As digital technology continues to evolve and expand, it opens up countless new opportunities for connection, commerce, work and play.
Our mobile devices are so integrated into our lives that it’s hard to imagine how we did anything – run businesses, order food, fight boredom, date – without them. But despite all the benefits we receive from technology, we also have to cope with the downsides: stress, divisiveness, information overload and attention deficits, to name a few.
Last week, we explored the idea that technology and well-being can coexist – that we can actually use mobile apps to further our mental and physical health goals. A few days ago, Pew Research Center and Elon University’s Imagining the Internet Center published a report on a complementary topic: The Future of Well-Being in a Tech-Saturated World.
In a non-scientific canvassing, the organizations asked 1,150 scholars, technology experts and health specialists this question: “Over the next decade, how will changes in digital life impact people’s overall well-being physically and mentally?”
The responses are wide-ranging and fascinating. The principal takeaway is that technology is a good servant but a bad master. Here are some of the most interesting highlights from the report:
More Help than Harm
Around 47% of respondents believe that people’s well-being will be more helped than harmed by digital life over the next 10 years; 32% predict well-being will be more harmed than helped. And the other 21% say there won’t be much change in individuals’ well-being compared to the present.
Those in the “more help than harm” camp, discussed these benefits:
- Connection – to other people, information and entertainment
- Commerce, government and society – opportunities in civic, business, consumer and personal ways
- Crucial intelligence – resources and services for health, safety and science
- Contentment – tools to improve or enhance people’s lives
- Continuation toward quality – results that will continue to be useful to humanity
And the “more harm than help” folks brought up these drawbacks:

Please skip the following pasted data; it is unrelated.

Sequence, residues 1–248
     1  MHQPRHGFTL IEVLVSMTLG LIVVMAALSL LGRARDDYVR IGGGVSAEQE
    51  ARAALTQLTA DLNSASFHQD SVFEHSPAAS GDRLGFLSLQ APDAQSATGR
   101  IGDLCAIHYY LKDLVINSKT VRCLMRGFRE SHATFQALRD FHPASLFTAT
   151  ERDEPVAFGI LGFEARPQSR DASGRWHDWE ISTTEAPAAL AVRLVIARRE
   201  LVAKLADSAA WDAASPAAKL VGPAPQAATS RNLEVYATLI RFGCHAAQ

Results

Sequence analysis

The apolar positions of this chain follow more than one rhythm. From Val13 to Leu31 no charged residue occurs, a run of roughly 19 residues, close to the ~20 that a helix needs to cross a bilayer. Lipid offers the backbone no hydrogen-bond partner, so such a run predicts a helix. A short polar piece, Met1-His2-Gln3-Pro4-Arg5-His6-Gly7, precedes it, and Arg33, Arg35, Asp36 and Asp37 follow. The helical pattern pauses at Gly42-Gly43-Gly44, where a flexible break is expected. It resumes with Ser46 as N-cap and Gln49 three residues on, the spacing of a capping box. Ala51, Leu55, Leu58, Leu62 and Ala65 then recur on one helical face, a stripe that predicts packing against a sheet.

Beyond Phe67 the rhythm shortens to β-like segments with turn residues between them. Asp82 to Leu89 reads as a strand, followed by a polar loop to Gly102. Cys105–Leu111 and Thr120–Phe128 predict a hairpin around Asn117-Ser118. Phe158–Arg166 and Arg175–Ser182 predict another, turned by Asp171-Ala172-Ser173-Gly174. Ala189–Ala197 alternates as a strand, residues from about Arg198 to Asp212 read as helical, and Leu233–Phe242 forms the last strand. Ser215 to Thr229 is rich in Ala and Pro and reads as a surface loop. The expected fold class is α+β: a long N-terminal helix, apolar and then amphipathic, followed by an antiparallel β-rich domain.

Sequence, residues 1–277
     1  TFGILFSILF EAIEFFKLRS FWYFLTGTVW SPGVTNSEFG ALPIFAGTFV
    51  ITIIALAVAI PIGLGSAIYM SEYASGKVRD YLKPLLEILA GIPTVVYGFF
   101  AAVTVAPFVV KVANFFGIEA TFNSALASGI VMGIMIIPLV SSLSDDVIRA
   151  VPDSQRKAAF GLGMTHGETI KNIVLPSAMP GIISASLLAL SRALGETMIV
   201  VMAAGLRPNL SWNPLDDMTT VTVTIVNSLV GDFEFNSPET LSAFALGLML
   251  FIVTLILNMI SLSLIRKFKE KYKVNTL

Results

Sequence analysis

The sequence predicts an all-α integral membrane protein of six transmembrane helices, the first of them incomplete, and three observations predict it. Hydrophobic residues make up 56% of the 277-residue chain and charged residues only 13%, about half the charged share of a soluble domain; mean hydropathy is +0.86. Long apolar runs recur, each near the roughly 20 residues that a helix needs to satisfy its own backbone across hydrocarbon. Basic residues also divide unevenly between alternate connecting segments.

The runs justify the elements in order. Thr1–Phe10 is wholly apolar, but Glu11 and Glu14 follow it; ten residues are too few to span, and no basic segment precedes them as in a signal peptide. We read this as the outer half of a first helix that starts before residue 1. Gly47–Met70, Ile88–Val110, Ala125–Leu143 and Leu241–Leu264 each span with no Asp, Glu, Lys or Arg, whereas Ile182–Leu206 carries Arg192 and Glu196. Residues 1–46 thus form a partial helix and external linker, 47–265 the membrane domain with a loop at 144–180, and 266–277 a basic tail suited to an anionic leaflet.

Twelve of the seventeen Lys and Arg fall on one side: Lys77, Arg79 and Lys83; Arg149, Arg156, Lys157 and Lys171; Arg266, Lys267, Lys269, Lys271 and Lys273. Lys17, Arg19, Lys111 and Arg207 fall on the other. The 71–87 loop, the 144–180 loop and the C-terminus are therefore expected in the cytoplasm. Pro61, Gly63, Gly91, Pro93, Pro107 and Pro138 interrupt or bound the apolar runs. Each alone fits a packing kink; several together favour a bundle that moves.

- Digital deficits – challenges to people’s cognitive skills, including creativity, reflection and focus
- Digital addiction – tools designed to hook people
- Digital distrust/divisiveness – heated emotions are weaponized online to create divisions
- Digital duress – information overload and lack of in-person connection takes a mental health toll
- Digital dangers – threats to security, democracy, privacy, etc.
The experts surveyed – even many who believe digital life will do more harm than good – suggested interventions to help alleviate the negative side of technology. These include:
- Reimagining systems to be more transparent, regulated and beneficial to both companies and end users
- Reinventing technology to make them more human-centered and aligned with goals and objectives (including using artificial intelligence (AI), virtual reality (VR), augmented reality (AR) and mixed reality (MR) tools)
- Regulating technology companies to protect users, including passing laws, rules and codes of conduct
- Redesigning media literacy to educate people of all ages about how to use technology in a healthy, safe way
- Recalibrating expectations to accept that progress has a price, and these drawbacks are part of digital advances
One thing everyone agrees on: there’s no turning back the clock. We need to figure out a smart and balanced approach forward.
Read MtoM’s take on the intersection of self-care and technology.